On his way to give the faculty F-1 lot booth attendant a break, he says, “I mean, this job goes along with being a police officer, too. I get a lot of satisfaction out of helping others. Even if it's just someone needing a jump, I like doing it.” As the attendant rushes away, he shrugs his shoulders and laughs, “If someone needs to go to the bathroom, I give 'em a break.”

His love of helping others and his observant nature serve him well in both jobs. At YSU, he helps students and faculty who make the frightened and slightly embarrassed call to the office about locking their keys in their car. He observes traffic patterns and understands the right way to guide vehicles when large events take place.

At the police department, he observes the happenings in the village of Lowellville, keeping an eye on the houses that he passes every night while on his rounds. “If we notice a garage door is up, especially in the middle of the night, like 2 or 3 in the morning, that isn’t usually up, we’ll call the people,” he says about his duty to the town. Mike says that it might seem silly to call someone at that hour about a garage door, but the locals are generally very appreciative of the fact that they are being looked after. “We justify the call in the middle of the night by saying ‘Look, we keep an eye on your house,’” and the response is usually one of relief.

In addition to patrolling the streets, he also does a lot of people-watching while parked along the sides of the streets. He rolls his eyes as he says that police officers aren’t supposed to park near bars, because “it’s bad for their business.” He feels that having police officers parked near drinking establishments would discourage drunk driving.

Mike says that all the crime that happens in the big cities happens in Lowellville as well. He nonchalantly runs down a list of problems he might have to deal with on any given night-- drugs, stolen cars, murders, rape.

He says, though, that "Most of it happens in the afternoons and evenings, believe or not." He sounds almost disappointed at the fact that he hasn’t had any “exciting car chases, but everyone else has.”

Not only does Mike work a nearly 60 hour work week, but he takes on any extra jobs he can during the summertime and over the weekends.

This summer, he was unable to take a vacation as he and his wife usually do at Myrtle Beach, a place that holds a lot of sentimental value for him, having spent much time there as a child with his father who lived nearby. He was too busy trying to earn an extra dollar. Trying to get a new house built on his property meant that he needed to rake in all the extra cash he could. "On the weekends, I usually see if I could do something to make some money somewhere,” he says. "I was helping clean these buildings and cutting trees down for these people who lived up in Cleveland," he says of his summer.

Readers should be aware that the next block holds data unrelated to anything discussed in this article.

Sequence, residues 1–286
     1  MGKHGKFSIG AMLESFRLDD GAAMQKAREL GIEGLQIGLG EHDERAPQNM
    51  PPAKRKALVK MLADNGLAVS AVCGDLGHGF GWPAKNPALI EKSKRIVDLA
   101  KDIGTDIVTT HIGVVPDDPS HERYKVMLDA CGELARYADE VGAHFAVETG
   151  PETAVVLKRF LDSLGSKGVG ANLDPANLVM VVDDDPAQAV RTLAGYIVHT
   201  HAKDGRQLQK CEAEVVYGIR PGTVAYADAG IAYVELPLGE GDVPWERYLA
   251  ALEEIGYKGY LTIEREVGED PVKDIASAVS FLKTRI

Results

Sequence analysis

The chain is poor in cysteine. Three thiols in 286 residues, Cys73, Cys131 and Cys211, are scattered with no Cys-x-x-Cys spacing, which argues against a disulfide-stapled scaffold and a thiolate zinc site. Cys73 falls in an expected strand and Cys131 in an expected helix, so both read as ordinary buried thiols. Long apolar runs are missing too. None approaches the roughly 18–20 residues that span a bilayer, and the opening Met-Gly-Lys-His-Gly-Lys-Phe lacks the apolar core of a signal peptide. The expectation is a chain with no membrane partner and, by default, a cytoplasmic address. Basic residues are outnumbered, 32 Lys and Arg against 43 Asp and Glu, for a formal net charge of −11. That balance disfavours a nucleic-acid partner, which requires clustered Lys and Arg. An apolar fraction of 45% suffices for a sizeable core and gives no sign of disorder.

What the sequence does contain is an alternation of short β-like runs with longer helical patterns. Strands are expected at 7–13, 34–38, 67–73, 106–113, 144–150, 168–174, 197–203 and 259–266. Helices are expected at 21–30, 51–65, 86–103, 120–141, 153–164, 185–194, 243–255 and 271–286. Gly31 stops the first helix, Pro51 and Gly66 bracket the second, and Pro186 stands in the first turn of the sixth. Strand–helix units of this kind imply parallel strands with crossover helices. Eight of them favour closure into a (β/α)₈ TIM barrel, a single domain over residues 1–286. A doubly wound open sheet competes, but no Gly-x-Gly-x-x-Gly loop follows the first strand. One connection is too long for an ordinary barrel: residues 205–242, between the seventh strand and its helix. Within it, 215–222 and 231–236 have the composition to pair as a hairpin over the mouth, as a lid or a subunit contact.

“I’m sick in the head,” he says of his addiction to work. “Sometimes I wonder how I’m keeping it together.” Yet, he says that he is happy to do so much work because, when it comes down to it, he “chose to do it.” And the hard work is worth it at the end of the week when he gets to relax in his garage, shooting the breeze with his friends in their “gentlemen’s club” (his garage outfitted with a small wood burner), with cigars in hand.

Mike has lived in Youngstown his whole life and has enjoyed all of the jobs he’s held. He smiles as he reminisces about his first job as a busboy at the Townhouse Restaurant. “Yeah, I've been through a few jobs. You can say that,” he says as he remembers jobs from construction worker in North Carolina, where his father lived, to Pizza Hut employee.

He has seen and experienced the job market and what it has to offer in the Valley. He understands that the way things work in the area is probably very similar to the way things are in other places, but he still seems disappointed when he thinks about how hard it is for people to find work here. "It's who you know, who you're related to. So, if you got family who owns business in this area, you're not going to have any problems."

"I look at people at GM. They hire their family. Their kids go to school for almost nothing and then they quit. They work there, just to go to school, then they leave, which could be a bad deal for someone who would use that position and be there the rest of their lives and feeding their family that way, but I guess that's the way it is around here," Mike says of the work available to full-time laborers.

According to him, this also can be seen as giving Youngstown a defining characteristic that he is particularly proud of. "It's not a very forgiving town as far as making a living goes. People who work here fight to survive. And that’s nice."